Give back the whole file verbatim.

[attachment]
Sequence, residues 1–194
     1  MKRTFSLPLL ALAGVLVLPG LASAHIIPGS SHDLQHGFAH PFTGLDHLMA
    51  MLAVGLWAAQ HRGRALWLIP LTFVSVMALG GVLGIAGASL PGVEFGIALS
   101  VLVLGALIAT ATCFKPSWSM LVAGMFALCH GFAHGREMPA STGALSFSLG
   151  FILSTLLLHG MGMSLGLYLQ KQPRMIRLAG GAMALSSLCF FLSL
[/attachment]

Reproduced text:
Sequence, residues 1–194
     1  MKRTFSLPLL ALAGVLVLPG LASAHIIPGS SHDLQHGFAH PFTGLDHLMA
    51  MLAVGLWAAQ HRGRALWLIP LTFVSVMALG GVLGIAGASL PGVEFGIALS
   101  VLVLGALIAT ATCFKPSWSM LVAGMFALCH GFAHGREMPA STGALSFSLG
   151  FILSTLLLHG MGMSLGLYLQ KQPRMIRLAG GAMALSSLCF FLSL